2. Now num[0] is named for a 1-D array returns us the pointer to the first integer in the 1-D array so num[0] returns a pointer to integer. We will get a pointer to integer at address 200.
3. Adding 1 to an integer pointer will take us 4 bytes ahead to the next integer. Thus, it will return us the pointer to the next integer. We will obtain a pointer to this integer at address 204. So we can say that *(num+1) is basically &num[0][1].
4. With the final dereferencing *(&num[0][1]), we can get rid of the & operator so the overall expression now becomes num[0][1]. This is equal to ‘5’ in our case.

Note: For a 2-D array, num[i][j] where num is the name of our 2-D array i and j are indices, can be written as:

num[i][j] = *(num[i]+j)

= *(*(num+i)+j) where num[i] can be re-written as *(num+i)

Hence these three expressions are equivalent.

## Pointers with 3-D Arrays

Now let us look at how to handle pointers with three dimensional arrays. For example purposes, we will declare the following three dimensional array of integers named ‘num’.

``int num[3][2][2]``

We have an array of 3x2x2. A three dimensional array is an array or collection of 2-D arrays. Here the first parameter ‘3’ is the block size or the number of 2-D arrays, the next parameter ‘2’ is the number of rows of the 2-D arrays and last parameter ‘2’ is the number of columns of the 2-D arrays. The following figure depicts ‘num’ in the system’s memory.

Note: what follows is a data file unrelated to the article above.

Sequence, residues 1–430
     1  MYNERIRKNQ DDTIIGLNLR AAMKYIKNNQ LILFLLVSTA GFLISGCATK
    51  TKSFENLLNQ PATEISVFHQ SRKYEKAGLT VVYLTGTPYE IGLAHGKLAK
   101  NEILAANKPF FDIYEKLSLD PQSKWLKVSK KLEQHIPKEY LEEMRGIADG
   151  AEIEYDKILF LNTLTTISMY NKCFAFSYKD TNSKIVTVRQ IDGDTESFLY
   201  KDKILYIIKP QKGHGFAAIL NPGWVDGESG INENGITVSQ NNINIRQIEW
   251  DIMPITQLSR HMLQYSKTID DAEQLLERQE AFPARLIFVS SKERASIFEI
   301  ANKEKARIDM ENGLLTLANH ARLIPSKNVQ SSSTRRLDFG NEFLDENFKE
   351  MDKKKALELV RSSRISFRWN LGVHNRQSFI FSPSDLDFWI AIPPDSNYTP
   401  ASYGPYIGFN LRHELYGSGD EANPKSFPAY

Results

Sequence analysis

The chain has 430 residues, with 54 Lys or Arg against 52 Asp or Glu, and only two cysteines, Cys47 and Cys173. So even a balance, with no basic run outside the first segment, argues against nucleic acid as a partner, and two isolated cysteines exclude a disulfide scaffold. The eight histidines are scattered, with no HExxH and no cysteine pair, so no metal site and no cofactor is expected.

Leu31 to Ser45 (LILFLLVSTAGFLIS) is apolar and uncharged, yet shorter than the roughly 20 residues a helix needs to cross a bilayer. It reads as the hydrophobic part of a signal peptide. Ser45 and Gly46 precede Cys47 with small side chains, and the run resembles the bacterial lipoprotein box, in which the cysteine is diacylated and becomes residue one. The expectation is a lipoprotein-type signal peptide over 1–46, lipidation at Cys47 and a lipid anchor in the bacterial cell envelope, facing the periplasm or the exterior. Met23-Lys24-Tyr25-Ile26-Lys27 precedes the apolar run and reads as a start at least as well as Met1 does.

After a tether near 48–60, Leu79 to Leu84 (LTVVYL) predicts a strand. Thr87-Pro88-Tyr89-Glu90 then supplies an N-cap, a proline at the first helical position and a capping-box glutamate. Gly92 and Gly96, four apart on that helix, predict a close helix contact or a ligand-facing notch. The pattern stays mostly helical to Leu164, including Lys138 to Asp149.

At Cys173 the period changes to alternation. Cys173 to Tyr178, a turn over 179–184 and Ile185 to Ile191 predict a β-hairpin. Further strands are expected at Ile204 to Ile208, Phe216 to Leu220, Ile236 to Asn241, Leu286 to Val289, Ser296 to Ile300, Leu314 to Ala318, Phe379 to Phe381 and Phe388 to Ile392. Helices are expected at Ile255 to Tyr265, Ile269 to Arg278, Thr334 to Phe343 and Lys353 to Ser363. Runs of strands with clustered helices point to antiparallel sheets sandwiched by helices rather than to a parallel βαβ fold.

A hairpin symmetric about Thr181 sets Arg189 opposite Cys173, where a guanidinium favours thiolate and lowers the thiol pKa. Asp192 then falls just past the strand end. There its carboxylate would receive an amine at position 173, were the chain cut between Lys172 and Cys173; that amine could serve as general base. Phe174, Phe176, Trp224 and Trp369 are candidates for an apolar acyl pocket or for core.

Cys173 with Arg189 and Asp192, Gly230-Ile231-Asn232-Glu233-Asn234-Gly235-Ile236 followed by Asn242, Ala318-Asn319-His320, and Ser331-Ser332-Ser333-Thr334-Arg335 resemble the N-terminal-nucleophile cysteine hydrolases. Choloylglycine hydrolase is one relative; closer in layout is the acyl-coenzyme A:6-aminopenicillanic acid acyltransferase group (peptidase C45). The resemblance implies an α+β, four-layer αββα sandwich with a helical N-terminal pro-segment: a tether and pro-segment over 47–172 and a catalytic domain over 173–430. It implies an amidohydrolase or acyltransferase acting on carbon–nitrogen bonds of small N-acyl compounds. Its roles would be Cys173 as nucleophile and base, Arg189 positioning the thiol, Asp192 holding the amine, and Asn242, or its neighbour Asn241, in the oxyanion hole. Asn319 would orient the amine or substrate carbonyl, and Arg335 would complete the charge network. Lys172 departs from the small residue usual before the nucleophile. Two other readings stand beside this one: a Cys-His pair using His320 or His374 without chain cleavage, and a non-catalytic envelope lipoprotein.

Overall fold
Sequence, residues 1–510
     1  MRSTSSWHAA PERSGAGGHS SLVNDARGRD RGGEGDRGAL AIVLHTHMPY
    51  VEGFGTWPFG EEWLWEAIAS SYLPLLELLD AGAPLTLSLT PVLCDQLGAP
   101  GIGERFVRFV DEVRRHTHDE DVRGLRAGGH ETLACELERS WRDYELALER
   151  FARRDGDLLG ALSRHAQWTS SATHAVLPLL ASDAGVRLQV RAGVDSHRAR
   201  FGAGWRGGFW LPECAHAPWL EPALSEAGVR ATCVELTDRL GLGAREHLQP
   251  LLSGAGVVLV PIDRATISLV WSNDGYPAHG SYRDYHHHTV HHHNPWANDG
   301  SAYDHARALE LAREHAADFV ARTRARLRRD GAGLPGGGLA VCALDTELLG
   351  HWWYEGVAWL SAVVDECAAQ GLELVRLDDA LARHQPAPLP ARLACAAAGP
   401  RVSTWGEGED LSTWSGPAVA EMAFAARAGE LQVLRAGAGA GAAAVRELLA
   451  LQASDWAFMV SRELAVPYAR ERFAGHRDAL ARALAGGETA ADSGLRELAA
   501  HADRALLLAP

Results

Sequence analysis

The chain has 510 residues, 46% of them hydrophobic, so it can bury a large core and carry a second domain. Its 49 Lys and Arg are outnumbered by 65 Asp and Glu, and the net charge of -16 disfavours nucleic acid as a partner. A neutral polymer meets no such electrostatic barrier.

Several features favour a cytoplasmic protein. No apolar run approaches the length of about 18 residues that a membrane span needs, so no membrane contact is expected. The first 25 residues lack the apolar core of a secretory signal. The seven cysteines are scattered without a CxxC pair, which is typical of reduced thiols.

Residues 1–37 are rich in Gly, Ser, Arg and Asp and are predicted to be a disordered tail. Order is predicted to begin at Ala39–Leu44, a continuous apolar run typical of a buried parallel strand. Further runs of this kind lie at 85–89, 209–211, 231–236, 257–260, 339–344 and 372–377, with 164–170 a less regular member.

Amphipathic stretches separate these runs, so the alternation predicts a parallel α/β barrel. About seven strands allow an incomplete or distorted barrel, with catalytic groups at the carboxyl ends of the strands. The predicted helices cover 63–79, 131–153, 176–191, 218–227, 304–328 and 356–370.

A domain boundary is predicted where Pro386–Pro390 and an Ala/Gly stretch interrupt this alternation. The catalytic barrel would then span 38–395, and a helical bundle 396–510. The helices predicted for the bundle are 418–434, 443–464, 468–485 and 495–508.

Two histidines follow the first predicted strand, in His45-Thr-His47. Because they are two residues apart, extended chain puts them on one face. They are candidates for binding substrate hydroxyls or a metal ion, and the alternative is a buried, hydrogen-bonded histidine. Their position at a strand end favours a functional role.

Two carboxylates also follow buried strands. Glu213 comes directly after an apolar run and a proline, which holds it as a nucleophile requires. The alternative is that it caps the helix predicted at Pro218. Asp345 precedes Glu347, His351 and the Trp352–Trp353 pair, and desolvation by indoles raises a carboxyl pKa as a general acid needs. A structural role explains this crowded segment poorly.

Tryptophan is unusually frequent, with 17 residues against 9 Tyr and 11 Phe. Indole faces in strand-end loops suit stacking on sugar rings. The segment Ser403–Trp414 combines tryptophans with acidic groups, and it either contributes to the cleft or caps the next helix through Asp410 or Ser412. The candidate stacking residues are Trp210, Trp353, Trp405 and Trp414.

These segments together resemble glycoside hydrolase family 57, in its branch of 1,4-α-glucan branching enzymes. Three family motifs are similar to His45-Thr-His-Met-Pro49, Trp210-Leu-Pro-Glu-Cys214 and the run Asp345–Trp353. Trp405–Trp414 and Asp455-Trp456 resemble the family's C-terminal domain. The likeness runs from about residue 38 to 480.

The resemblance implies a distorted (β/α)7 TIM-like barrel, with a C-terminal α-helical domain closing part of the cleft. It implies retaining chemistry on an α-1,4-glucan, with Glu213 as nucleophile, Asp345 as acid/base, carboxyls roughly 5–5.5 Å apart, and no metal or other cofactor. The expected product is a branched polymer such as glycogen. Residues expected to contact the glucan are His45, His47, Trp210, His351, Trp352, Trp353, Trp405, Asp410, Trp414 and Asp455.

Here we have assumed that the starting address of ‘num’ is 400. The first sixteen bytes at starting address 400 is the first 2-D array which is num[0]. We are assuming that each integer will take 4 bytes so the first block is part of the first 2-D array. The next block of sixteen bytes with starting address 416 is num[1]. Likewise ,the next block of sixteen bytes with starting address 432 is num[2].

We will store values in our 3-D array as shown in the following statement.

``````int num[3][2][2]=